Leaf fuel could help save planet

Leaf fuel could help save planet

Cars and planes could run on fuel made by artificial leaves in the future, scientists say

Researchers from Glasgow University are trying to create a special kind of leaf that is able to produce liquid fuel. If it works, the invention could help to slow down climate change.

Normal leaves take energy from the sun and turn it into food in a process called photosynthesis. The special leaf would take solar energy, as well as electricity, and turn it into fuel instead.

When we burn fossil fuels, like oil, carbon dioxide (CO2) is released into the atmosphere. When leaves photosynthesis, they use up CO2. If people burned the fuel produced by the special leaves, the carbon dioxide would be released again but it would not add extra CO2 to the air in the way that burning oil does.


Burning petrol produces carbon dioxide, a greenhouse gas

The 'leaf' that the scientists want to make won't actually look anything like a real leaf. Instead, it will consist of a tank full of water containing genetically-modified bacteria. But the system will work in a similar way to natural photosynthesis in plants.

"The sun gives its energy away for free but making use of it is tricky," said Professor Richard Cogdell, who is in charge of the project.

We can use solar panels to make electricity. We can also use turbines to trap energy from wind and waves. But electricity can't be stored. Professor Codgell's team think their 'leaves' would give us a way to bottle up the sun's energy so that we can use it whenever we need it. The new technology may be ready in about five years.

How are we tackling climate change?

Billions of pounds are spent every year on attempts to find ways to reduce greenhouse gases and slow down climate change. Special 'leaves' that use a process similar to photosynthesis to create a carbon-neutral fuel is just one of the latest.

Although greenhouse gas emissions in the UK have fallen by more than a quarter since 1990, what happens in our country is only a tiny part of the global picture.

In 2010 the world's emissions of CO2 rose by almost 6%, the biggest increase ever recorded, largely because more coal was burned in China and India. According to a UN report, carrying on at this rate will leave the world a massive 12 gigatonnes of carbon short of needed reductions by 2020.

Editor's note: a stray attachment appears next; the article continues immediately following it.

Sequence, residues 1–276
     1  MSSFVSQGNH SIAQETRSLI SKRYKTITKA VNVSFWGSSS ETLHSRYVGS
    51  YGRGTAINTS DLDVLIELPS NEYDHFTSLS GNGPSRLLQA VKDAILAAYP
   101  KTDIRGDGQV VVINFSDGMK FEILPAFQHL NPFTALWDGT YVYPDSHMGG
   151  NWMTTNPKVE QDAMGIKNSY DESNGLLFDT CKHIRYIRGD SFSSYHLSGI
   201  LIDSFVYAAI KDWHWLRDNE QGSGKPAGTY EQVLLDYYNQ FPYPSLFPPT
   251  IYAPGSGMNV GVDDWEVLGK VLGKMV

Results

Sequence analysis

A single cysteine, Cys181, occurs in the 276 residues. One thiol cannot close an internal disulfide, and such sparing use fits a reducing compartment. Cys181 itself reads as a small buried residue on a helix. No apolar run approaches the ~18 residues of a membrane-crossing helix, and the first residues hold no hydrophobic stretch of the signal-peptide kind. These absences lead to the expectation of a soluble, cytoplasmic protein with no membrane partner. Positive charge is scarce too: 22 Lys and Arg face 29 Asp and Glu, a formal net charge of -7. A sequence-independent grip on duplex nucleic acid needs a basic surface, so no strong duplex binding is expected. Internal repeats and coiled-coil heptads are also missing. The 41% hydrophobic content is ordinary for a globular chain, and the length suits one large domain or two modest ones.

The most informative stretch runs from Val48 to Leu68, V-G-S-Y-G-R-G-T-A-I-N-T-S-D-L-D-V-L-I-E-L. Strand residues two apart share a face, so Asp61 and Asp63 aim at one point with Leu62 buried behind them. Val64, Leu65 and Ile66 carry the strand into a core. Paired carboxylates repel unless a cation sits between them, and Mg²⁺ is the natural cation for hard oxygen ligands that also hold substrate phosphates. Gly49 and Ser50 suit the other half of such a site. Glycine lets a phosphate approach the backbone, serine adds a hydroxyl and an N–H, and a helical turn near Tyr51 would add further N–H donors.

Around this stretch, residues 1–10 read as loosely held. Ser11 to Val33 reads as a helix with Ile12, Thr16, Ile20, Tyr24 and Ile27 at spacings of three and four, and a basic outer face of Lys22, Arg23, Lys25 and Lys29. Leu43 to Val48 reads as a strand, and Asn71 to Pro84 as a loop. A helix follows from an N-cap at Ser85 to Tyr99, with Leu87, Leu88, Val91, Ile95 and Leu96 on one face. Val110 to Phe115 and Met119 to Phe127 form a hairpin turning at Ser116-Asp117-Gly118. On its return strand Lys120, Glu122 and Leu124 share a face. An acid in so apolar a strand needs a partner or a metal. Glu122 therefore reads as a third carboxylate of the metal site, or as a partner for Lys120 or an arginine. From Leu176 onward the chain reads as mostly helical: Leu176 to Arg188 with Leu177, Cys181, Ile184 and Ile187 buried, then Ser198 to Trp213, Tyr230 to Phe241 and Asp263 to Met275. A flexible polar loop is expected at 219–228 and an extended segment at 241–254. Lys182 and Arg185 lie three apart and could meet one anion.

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Global CO2 emissions rose 6% in 2010, mainly due to countries burning more coal

The United Nations climate talks in Durban, South Africa, late last year ended in a deal committing countries to sign up to a treaty on cutting carbon emissions by 2015.

It is the first time that major polluters the USA, China and India have signed up to a process that will result in a legally-binding agreement to cut their emissions.

But critics say that the deal is too little too late - the treaty would not come into effect until 2020.

Try our climate change quiz and find out how much you know about this global problem.

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Curriculum information

  • Summary

    Biofuels are likely to be part of a sustainable future. Photosynthesis is at the heart of biofuel production by plants, algae and increasingly by genetically modified bacteria. Link photosynthesis, sustainable development and climate change with an interesting context and explore how science works.

    Curriculum key wordsOther web links
    • Renewable energy
    • Biofuel
    • Photosynthesis
    • Sustainable development
    Biofuels: ideas, notes and student activies
    Biofuel ethics: impacts and benefits of biofuels
    Quick guide to biofuels
    Science Curriculum Links
    National CurriculumCurriculum for excellenceNorthern Ireland Curriculum
    Applications and implications of science (KS3 Sc1.2) Energy transfer (KS£ Sc3.1a) Human actions and changes in the environment (KS3 Sc 3.4c)Meeting society's energy needs. (SCN 4-04a) Carbon cycle and the balance of gases in the atmosphere (SCN 4-05b)Measures to improve and protect the environment – renewable energy. (KS3 science) The environment and human influences (KS3 Science) Energy transfer (KS3 Science)